Sons of Baseball-archy: Jose Vizcaino, Jr. looking to follow his pops to the bigs

Not every player is going to be a Hall of Famer. Not every player is even going to enjoy an All-Star season. Some players just bide their time, waiting for their moment to shine when their team needs them most.

Jose Vizcaino etched out an 18-year baseball career behind solid contact, sound defense and becoming one of the best utility players in baseball. He was well-traveled, playing for eight teams over the course of his career, picking up his lone World Series ring in 2000 as a pivotal member of the New York Yankees bench. That 2000 ALCS against the Seattle Mariners showed Vizcaino’s true value as a player. He came off the bench in four of the six games that series. Twice he delivered crucial RBI pinch-hits, and another, as a pinch-runner, he stole a base and scored. That’s who Vizcaino was.

He was signed out of the Dominican Republic by the Los Angeles Dodgers in 1986 and by 1989, at the age of 21, he made his big league debut. When he hung it up in 2006, he ended his career with a modest .270/.318/.346 slash line, 1453 hits, 36 home runs and 74 stolen bases. Vizcaino’s worth, however, could never be measured in stats, as his value came in some big pinch-hits throughout his career, as well as the ability to play a handful of full seasons when the opportunity arose.

Twenty-six years later, the Dodgers would draft Jose Vizcaino, Jr. out of Francis Parker High School in California. Despite his father’s ties to the organization and growing up a fan of the Dodger Blue, he passed and took his talents to Santa Clara. He became a First Team All-West Coast Conference shortstop in his sophomore season and a tremendous junior campaign saw him take home the 2015 College Sports Madness All-West Coast Conference Player of the Year.

Vizcaino, Jr. hit .335 in his 2015 junior year, registering 65 hits, 14 doubles, four triples, nine home runs and ten stolen bases behind a .588 slugging percentage and a .406 on-base percentage. Showing more pop than his father, the San Francisco Giants swooped in and made sure their NL West rivals didn’t have a second shot at Vizcaino, Jr. by making him their seventh-round selection in the 2015 MLB Draft.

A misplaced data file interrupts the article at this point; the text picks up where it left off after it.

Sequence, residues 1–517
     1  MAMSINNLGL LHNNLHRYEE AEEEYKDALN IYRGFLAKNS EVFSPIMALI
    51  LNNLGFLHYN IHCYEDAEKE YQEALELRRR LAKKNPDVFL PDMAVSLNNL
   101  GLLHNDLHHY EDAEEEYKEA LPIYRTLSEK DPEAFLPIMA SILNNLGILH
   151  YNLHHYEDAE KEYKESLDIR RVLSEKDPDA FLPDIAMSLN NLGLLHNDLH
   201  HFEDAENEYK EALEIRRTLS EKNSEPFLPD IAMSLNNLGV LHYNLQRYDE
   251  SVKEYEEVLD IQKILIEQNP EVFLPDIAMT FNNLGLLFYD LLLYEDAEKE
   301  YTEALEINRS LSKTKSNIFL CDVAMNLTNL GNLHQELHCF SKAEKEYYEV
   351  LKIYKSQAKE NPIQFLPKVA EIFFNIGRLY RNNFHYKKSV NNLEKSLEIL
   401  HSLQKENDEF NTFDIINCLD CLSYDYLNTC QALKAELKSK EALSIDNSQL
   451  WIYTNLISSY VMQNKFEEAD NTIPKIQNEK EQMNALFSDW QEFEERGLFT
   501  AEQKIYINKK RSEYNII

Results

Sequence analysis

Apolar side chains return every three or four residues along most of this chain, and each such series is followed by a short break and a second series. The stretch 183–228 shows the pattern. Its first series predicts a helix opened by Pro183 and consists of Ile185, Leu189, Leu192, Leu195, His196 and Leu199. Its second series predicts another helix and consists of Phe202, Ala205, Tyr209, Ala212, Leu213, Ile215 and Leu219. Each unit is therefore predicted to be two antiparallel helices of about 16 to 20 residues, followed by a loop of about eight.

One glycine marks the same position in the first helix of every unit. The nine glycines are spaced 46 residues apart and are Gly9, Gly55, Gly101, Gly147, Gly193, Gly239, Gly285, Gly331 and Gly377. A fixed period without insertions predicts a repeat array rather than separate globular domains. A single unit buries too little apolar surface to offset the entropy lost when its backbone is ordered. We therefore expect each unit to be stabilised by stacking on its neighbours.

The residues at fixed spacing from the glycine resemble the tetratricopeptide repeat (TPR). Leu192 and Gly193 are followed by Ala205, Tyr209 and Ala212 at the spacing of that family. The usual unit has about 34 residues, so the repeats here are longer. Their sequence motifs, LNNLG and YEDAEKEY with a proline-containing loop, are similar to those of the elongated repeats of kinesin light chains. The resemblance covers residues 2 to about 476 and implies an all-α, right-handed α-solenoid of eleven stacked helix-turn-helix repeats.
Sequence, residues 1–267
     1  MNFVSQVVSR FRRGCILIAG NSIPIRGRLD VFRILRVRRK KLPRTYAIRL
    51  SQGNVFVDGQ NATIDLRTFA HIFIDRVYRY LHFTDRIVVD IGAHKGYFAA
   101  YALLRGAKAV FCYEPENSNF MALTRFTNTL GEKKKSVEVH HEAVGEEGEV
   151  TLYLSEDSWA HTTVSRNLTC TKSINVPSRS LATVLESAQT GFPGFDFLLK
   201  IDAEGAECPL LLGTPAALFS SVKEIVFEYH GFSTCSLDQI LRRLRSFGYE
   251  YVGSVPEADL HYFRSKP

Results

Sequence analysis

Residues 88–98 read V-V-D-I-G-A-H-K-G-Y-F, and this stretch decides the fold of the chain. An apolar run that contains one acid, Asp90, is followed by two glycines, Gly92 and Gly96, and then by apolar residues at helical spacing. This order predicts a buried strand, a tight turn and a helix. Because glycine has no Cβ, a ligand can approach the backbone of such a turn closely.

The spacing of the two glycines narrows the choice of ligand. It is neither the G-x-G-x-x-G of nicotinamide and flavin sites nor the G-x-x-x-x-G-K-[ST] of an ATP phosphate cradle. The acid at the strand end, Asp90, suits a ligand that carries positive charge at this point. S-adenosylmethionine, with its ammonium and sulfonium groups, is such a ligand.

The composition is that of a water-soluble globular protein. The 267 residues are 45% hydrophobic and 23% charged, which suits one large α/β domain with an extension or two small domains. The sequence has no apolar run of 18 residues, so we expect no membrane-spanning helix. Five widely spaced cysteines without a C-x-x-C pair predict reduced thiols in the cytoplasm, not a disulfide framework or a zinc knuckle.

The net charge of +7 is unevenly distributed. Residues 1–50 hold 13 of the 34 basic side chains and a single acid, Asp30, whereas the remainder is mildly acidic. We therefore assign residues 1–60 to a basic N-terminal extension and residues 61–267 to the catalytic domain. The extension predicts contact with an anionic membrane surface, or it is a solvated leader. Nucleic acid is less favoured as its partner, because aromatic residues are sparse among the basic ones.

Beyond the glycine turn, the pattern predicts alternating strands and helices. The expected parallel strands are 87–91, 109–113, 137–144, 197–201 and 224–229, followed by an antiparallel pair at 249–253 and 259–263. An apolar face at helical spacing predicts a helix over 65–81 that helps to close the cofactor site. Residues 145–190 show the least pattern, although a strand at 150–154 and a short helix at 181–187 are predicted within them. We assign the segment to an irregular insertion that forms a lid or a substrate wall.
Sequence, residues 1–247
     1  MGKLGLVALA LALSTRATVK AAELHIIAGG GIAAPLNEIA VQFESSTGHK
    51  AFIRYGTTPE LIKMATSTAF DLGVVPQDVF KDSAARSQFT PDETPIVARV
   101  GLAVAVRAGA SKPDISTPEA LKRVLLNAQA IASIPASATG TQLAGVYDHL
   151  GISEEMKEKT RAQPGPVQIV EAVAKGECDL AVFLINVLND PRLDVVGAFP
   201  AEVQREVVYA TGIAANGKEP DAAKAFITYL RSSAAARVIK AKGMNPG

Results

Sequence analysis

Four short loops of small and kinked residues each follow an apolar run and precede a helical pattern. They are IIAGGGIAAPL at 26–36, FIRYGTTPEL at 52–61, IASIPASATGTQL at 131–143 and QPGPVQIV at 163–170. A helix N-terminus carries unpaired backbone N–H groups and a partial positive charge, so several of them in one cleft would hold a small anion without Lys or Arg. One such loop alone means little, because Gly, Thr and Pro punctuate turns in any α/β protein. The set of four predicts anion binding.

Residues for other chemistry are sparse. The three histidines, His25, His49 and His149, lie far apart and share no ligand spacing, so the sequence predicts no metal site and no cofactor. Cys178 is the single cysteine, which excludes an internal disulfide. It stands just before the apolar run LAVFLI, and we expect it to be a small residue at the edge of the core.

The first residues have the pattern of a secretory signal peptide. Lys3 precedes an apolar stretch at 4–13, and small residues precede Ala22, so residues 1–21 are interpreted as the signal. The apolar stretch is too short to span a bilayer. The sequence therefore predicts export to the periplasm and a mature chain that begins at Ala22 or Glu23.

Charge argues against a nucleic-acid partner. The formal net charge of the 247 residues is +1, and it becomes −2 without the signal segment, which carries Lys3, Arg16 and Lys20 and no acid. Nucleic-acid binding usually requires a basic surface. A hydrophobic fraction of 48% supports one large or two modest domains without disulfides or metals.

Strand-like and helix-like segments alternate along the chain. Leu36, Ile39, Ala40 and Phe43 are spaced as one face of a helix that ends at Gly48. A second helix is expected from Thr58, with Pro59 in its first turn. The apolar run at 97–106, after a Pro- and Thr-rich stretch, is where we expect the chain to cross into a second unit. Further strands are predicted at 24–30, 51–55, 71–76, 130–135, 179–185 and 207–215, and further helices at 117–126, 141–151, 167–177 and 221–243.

Despite having the arm strength to stay at short, he was a bit error-prone and lacked the range to seemingly climb the ranks as a shortstop. The Giants immediately moved him to third and — to no surprise — he struggled at the hot corner in his 2015 debut in the Northwest League. He made 10 errors in 81 total chances (.877 fielding percentage) behind an unimpressive 2.29 range factor.

His bat, however, played just fine for Salem-Keizer. The 6-foot-2, 220-pound right-handed hitter slashed .288/.351/.476 while belting six home runs and 11 doubles over just 184 at bats, posting a very impressive 130 wRC+.

The Giants skipped him over Low-A and sent Vizcaino right to the California League. He had a nice April, but slowed down in May and June. He caught fire in mid-July, seeing a six-game hitting streak begin on July 14. He went 12-for-23 over that span, hitting one home run, while posting four straight multi-hit games and not striking out in three straight, showing that he does have a nice eye for the strike zone. On July 21, Vizcaino, Jr. was amid a 3-for-3 evening, with already five RBI on the night, when he rolled his ankle. He didn’t play for the rest of the season. He finished his sophomore campaign after only 83 games, slugging 26 extra-base hits, including seven home runs.

For more on Vizcaino, Jr. and his promising career, head on over to Today’s Knuckleball for my full feature by clicking on the link below:

Baseball Bloodlines: Jose Vizcaino – from pinch-hitter to power hitter

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